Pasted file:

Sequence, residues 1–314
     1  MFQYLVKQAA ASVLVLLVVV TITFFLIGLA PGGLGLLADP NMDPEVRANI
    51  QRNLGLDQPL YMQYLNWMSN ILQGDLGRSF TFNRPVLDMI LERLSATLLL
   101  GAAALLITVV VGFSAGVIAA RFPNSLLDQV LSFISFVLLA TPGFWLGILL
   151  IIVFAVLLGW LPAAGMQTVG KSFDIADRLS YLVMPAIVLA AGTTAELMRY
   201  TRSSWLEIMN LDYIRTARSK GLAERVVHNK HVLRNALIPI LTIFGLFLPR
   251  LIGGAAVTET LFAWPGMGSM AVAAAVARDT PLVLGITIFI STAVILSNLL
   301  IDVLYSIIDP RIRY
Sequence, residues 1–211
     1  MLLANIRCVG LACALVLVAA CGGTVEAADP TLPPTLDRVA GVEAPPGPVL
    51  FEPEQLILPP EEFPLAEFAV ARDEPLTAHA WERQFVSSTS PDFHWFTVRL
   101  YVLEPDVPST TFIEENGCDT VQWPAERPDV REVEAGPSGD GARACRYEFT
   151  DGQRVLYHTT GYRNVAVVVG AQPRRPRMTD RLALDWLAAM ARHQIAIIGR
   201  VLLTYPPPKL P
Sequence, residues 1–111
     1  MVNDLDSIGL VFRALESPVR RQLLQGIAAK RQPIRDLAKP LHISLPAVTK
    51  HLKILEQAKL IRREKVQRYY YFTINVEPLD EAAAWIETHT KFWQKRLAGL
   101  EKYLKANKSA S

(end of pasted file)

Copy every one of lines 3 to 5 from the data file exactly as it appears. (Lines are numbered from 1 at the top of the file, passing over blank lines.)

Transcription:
    51  QRNLGLDQPL YMQYLNWMSN ILQGDLGRSF TFNRPVLDMI LERLSATLLL
   101  GAAALLITVV VGFSAGVIAA RFPNSLLDQV LSFISFVLLA TPGFWLGILL
   151  IIVFAVLLGW LPAAGMQTVG KSFDIADRLS YLVMPAIVLA AGTTAELMRY